Creating a visual identity for your brand no longer has to be you in front of a white board with a blank stare on your face. In fact, you should probably just ditch the white board all together because our good friend the Internet has some better brainstorming tools for you.
There are thousands of online tools and resources that designers like me use every day to help shape what you need to form the things that make up your visual identity: color palettes, fonts, patterns, photos, logos and your logo. When all of these visual elements come together in a unique way, a brand’s story comes to life. It takes on a personality and starts connecting with its audiences.
Let’s explore the easy-to-use tools and resources that I tap into every day to tell these stories.
Find your brand’s color palette (and a childlike state of happiness) with Adobe’s Color Wheel. Create your palette by setting a rule for how you want your color pattern to work or upload an image from your computer and let the wheel create a palette based off of it. Then, when you’re done, use your Adobe ID to save your color palettes and link your Color account directly with your Illustrator and Photoshop for easy integration into your designs.
Warning: This color wheel is dangerously fun. It tends to suck multiple hours of your time right out the window.
It’s no secret that Pinterest is the mothership of visual discovery when it comes to branding, but with their
Secret Boards, you can do all of your pre-launch brand discovery in private. Start by pinning examples of fonts,
color palettes, and any sort of images that you feel represent your brand’s core message. After a substantial amount of pinning, take a good look at your board. Are there elements that stand out to you?
Does your vision start to change the longer you pin? Are there elements you like or don’t like now that you see them next to one another? Are you starting to see a clear aesthetic? Maybe so. That’s what this modern day scrapbooking beast is meant to help us figure out!
You know that feeling you get when you come across an online store that makes you so happy you can’t help but wonder if you and the store owner were separated at birth? That’s how I feel about Creative Market.
It’s a marketplace of design content from independent creatives. You can download everything from logo templates and beautiful stock photography to watercolor filters, WordPress themes and vintage script fonts. Basically, when you see a beautiful brand style guide on Pinterest and you think to yourself, “How can I do that?” go to Creative Market and you’ll probably find a bundle of Photoshop filters that will get you the look you’re going for in about five minutes. Seriously, it’s that good.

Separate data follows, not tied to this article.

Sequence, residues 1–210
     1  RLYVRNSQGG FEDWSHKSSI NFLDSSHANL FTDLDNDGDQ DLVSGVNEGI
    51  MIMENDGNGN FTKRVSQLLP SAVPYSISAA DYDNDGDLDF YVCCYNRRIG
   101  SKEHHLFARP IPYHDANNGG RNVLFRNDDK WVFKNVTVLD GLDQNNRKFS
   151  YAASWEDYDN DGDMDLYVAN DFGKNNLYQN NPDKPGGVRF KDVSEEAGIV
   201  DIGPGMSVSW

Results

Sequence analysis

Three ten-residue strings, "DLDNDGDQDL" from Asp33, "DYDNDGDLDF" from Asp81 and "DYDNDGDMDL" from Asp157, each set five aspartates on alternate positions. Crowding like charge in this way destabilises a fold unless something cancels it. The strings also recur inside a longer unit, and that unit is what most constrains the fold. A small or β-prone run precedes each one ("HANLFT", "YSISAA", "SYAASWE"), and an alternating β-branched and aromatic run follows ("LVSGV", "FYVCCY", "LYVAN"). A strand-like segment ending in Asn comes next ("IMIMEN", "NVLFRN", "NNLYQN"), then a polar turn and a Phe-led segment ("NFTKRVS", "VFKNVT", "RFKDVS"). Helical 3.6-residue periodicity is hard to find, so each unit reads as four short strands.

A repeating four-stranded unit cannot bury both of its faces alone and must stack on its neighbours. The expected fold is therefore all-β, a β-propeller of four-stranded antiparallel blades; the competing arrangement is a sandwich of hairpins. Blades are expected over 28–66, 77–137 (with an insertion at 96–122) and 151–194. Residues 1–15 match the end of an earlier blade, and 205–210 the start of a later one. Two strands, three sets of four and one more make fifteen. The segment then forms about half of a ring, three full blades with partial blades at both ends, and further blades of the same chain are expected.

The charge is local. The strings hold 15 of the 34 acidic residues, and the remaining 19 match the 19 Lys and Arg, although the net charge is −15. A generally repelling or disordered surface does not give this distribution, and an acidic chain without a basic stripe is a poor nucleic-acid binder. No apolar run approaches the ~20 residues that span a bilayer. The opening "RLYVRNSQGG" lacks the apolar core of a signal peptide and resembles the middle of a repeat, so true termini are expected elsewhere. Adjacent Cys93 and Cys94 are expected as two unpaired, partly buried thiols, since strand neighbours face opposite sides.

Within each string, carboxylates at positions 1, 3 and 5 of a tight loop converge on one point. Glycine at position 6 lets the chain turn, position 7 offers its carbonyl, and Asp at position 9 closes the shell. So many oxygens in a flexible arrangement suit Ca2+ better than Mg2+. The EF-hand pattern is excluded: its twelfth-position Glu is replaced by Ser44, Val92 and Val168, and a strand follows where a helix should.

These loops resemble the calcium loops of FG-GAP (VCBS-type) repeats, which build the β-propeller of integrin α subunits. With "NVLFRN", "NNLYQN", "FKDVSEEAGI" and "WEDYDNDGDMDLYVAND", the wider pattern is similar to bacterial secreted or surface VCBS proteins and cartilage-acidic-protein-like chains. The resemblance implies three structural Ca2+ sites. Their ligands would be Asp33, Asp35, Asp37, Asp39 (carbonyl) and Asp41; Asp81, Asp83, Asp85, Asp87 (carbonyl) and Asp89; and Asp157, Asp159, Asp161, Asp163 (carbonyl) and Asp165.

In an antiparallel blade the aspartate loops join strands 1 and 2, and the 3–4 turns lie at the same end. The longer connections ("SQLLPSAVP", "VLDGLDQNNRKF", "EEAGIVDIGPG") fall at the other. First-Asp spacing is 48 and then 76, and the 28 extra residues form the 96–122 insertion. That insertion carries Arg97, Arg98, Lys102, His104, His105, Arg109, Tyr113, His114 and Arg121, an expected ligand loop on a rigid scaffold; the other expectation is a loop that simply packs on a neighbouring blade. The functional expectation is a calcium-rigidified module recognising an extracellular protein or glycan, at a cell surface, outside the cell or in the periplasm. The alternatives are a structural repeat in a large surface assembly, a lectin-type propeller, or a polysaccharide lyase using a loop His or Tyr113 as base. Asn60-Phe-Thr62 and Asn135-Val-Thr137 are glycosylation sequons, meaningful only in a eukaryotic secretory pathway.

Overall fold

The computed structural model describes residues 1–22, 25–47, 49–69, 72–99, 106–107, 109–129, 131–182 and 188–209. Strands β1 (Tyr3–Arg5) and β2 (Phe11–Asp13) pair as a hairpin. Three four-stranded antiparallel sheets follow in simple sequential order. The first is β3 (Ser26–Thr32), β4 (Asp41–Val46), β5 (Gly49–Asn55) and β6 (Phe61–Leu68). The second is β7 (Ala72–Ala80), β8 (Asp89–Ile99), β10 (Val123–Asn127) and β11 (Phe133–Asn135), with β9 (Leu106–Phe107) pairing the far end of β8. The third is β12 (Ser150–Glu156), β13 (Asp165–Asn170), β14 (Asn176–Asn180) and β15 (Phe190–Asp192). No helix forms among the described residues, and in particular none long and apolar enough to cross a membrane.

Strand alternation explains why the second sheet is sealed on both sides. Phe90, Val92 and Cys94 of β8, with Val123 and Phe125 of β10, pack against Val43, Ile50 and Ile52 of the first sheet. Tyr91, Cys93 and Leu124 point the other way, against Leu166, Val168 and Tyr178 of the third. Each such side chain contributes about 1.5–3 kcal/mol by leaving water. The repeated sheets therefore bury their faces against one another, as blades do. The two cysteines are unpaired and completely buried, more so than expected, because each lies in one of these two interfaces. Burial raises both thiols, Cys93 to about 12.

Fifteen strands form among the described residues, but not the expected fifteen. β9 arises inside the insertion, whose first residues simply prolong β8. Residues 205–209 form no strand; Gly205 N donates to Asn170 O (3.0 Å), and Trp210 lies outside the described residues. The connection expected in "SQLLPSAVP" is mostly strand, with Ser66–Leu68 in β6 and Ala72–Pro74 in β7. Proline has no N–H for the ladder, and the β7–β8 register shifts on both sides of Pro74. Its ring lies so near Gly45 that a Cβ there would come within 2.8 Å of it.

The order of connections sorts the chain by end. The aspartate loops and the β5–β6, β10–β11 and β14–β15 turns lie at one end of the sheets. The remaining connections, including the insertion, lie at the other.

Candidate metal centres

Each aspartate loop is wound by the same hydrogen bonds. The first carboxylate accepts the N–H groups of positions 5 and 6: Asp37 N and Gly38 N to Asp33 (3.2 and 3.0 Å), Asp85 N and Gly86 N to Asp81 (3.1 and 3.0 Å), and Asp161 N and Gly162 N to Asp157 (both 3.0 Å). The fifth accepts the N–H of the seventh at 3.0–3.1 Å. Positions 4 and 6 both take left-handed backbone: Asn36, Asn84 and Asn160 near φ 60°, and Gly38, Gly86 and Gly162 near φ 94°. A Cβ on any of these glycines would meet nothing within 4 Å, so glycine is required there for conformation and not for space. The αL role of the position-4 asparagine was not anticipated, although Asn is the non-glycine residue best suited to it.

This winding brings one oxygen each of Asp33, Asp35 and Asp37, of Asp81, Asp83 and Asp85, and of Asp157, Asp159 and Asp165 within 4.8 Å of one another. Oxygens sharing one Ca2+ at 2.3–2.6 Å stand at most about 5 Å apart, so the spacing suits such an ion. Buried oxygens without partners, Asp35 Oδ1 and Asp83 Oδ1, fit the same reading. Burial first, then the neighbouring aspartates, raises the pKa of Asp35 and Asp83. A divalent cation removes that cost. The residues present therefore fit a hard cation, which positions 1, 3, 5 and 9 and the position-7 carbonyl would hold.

Note: An intermediate knowledge of Adobe Illustrator and/or Photoshop is recommended for a lot of the items on Creative Market.
4. The new age of stock photography
Photography is a massive part of communicating your visual identity on the web. And I’m not just talking product photography – I’m talking about the background shots, the header images, the slideshow images and quote images for Instagram. In essence: your brand’s stock photography is what creates the vibe behind your story.
Five years ago, stock photography was weird. It felt forced, fake and considerably overpriced. Over the past year, creatives around the world have decidedly put a stop to that. Photographers and advertising agencies have been sprouting stock photography blogs that offer free, high-resolution photos with no copyright restrictions available for download. And get this? The photos are gorgeous. They’re all taken by professional photographers in various styles, settings, and light, and they all rock.
5. Create a Style Tile
Once you have the visual elements and core messaging of your brand nailed down, what’s next? You don’t need another mood board, but you aren’t quite ready for the precision of a mock up design either. Enter Style Tiles, a tool in the visual design process that turns your brand’s elements of design (like colors, fonts, shapes) and principles of design ( unity, harmony, balance) into a cohesive visual language that prepares your brand for the UX design process.
Note: Style Tiles provide users with a PSD template to use as a guide. A beginner’s knowledge of Photoshop is recommended.
These five online design tools are just a few items from my toolbox. They may or may not work for you and your business, and that’s okay. The biggest takeaway I want you to get from this is to understand the power and magnitude of free tools and resources that are available to you online. The Internet is our oyster and the biggest service we can offer ourselves and our businesses is to always be open to trying out new tools and methods.